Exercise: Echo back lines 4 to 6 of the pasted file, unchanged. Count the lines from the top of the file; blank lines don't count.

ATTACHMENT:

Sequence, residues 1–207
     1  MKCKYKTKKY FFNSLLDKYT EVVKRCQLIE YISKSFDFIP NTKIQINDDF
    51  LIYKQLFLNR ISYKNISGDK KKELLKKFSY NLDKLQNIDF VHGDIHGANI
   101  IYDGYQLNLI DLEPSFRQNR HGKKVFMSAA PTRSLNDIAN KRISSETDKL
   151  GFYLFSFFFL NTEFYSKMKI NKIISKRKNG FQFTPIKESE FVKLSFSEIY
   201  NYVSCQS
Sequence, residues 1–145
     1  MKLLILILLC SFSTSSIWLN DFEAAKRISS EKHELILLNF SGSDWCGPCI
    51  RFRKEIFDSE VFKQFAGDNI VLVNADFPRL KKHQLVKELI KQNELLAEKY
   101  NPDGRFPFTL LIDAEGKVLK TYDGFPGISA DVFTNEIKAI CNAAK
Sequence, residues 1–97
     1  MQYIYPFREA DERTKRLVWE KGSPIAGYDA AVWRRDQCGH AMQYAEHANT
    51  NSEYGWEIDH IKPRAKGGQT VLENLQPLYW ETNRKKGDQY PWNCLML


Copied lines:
   101  IYDGYQLNLI DLEPSFRQNR HGKKVFMSAA PTRSLNDIAN KRISSETDKL
   151  GFYLFSFFFL NTEFYSKMKI NKIISKRKNG FQFTPIKESE FVKLSFSEIY
   201  NYVSCQS